- Gold, silver, copper and other precious stones like emerald, jade, turquoise and even shells were mainly for ornaments.

- Well-to-do Aztecs homes were made of adobe, and members of the royalty wore expensive clothes and headdress.

- Their method of gardening is called chinampas or floating gardens. Chinampas were artificial islands built by piling earth on woven rafts. Aztecs grew corn, beans, peppers, squash and tomatoes.

- The main food source was maize, a type of corn. The Aztecs also ate tomatoes, avocados, atole (a type of porridge), tortillas made from maize, and tamales, a kind of envelope made from steamed maize stuffed with vegetables or meat.

- Aztecs also ate chocolate. In their culture chocolate was reserved for warriors and nobility. A drink of cacao mixed with ground maize was believed to provide stamina and was used in sacred rituals. Chocolate was a drink for the elite.

- The Aztecs ate twice a day and the main meal was eaten during the hottest part of the day. Some of the edible things available in an Aztec market were fruit, vegetables, spices, flowers, edible dogs, and birds.

- Huitzilopochtli (Hummingbird-on-the-Left) is their war god and sun god. Thaloc was their rain god.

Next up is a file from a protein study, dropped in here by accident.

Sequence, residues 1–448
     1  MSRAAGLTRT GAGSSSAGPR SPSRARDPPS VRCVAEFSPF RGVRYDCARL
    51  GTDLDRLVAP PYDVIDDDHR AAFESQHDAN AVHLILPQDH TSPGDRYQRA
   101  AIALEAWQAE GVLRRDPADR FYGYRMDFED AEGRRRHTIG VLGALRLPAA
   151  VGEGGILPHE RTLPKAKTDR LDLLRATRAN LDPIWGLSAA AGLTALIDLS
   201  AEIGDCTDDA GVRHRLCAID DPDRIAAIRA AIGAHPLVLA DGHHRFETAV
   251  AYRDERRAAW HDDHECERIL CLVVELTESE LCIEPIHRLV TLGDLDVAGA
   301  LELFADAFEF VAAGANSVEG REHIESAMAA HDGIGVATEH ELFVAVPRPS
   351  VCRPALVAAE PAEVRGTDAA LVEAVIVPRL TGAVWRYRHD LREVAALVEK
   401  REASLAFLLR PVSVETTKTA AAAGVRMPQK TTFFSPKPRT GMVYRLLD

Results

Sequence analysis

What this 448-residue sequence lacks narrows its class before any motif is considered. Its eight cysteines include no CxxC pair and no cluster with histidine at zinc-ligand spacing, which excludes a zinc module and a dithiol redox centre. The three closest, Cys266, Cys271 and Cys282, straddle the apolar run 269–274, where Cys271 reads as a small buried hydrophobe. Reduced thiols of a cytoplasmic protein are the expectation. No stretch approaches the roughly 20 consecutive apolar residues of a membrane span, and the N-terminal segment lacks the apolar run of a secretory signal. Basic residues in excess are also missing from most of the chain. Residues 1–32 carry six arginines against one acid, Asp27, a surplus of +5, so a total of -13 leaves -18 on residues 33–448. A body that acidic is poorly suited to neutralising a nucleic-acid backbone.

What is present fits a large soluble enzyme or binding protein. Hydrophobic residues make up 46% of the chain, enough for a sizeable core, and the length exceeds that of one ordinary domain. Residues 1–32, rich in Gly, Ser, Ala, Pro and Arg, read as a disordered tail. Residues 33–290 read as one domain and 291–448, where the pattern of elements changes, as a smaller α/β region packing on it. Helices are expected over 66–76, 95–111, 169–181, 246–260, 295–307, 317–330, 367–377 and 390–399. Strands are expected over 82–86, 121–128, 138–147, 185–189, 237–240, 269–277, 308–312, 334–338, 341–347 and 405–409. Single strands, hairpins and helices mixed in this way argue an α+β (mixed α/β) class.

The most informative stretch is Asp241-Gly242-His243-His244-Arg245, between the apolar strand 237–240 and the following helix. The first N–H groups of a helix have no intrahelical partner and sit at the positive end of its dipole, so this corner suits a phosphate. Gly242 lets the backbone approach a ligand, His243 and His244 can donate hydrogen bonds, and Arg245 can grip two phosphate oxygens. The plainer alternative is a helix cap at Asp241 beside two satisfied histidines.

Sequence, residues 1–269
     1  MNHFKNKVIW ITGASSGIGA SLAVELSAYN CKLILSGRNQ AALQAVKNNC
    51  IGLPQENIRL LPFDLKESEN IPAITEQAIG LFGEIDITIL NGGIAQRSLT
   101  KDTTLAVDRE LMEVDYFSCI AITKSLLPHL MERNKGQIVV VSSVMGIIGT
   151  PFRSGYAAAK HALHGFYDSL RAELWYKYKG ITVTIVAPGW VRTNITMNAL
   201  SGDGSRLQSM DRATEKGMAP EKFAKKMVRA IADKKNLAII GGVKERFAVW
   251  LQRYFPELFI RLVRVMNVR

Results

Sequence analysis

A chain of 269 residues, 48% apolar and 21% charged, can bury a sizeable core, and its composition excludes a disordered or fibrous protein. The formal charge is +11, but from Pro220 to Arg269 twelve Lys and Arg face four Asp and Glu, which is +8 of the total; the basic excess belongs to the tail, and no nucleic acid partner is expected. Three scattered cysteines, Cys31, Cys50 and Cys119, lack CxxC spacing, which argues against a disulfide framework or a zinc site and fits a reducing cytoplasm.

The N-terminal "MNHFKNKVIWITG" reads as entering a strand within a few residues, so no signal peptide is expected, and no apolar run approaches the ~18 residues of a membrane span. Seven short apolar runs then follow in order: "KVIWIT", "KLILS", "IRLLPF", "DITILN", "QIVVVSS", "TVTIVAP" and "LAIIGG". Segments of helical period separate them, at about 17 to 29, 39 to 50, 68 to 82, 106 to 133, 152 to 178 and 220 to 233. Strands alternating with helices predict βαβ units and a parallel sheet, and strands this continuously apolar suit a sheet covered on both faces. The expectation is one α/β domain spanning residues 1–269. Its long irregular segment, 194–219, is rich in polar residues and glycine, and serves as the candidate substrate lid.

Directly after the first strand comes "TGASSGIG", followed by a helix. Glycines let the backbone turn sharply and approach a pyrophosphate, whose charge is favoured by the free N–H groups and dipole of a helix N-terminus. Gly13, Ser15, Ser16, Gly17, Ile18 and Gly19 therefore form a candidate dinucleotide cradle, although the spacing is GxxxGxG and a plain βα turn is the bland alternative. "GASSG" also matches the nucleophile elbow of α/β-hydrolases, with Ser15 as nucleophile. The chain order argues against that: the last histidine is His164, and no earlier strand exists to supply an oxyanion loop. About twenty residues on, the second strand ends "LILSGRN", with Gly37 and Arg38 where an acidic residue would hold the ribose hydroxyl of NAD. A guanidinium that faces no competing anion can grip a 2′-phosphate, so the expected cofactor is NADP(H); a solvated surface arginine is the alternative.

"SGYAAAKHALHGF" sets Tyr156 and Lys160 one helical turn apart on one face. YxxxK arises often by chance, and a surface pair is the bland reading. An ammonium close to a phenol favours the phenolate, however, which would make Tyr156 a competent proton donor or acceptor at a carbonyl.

- The Aztec empire was invaded by Hernando Cortez in 1519. In 1521, Spaniards tore down the buildings and filled in the canals, completely destroying the city of Tenochtitlan.

The Aztecs had harsh punishments. The criminals were taken to a court where there was a group of judges who would decide the punishment if they were found guilty. Sometimes the emperor would pronounce the sentence. In this way the Aztec judicial system was somewhat like ours today. The emperor would act as a judge and specially chosen members of the community would act as a jury.

Crime: adultery
Punishment: Death

Crime: Commoner found wearing cotton clothes
Punishment: Death

Crime: Cutting down a living tree
Punishment: Death

Crime: Drunkenness, 1st offense
Punishment: Head shaved, house destroyed

Crime: Drunkenness, 2nd offense
Punishment: Death

Crime: Handling stolen property
Punishment: Sold into slavery

Crime: Moving a field boundary
Punishment: Death

Crime: Kidnapping
Punishment: Sold into slavery

Crime: Selling substandard goods
Punishment: Loss of property

Crime: Major theft
Punishment: Death

Crime: Minor theft
Punishment: Sold into slavery

Crime: Treason
Punishment: Death, loss of property, destruction of land, children sold into slavery


  1. There's not much "justice" in their judicial system - I'd have been done for drunkeness, I'm sure. I'd rather have the natural justice of a hangover!

    1. A lot of death sentences in their justice system. I'm surprised anyone made it past the teen years!

  2. Too bad modern day Mexico and its drug lords couldn't receive a little Aztec crime control.

    1. Imagine that! I don't think you'd have drug lords around for long.

  3. Cannibalism, human sacrifice and death for drunkenness... yikes! That's a harsh life.

    1. Very harsh. You were always one step away from death!

  4. Bring back being sold into slavery as a punishment!!

    1. For Mexico's drug lords, as Debra, mentions!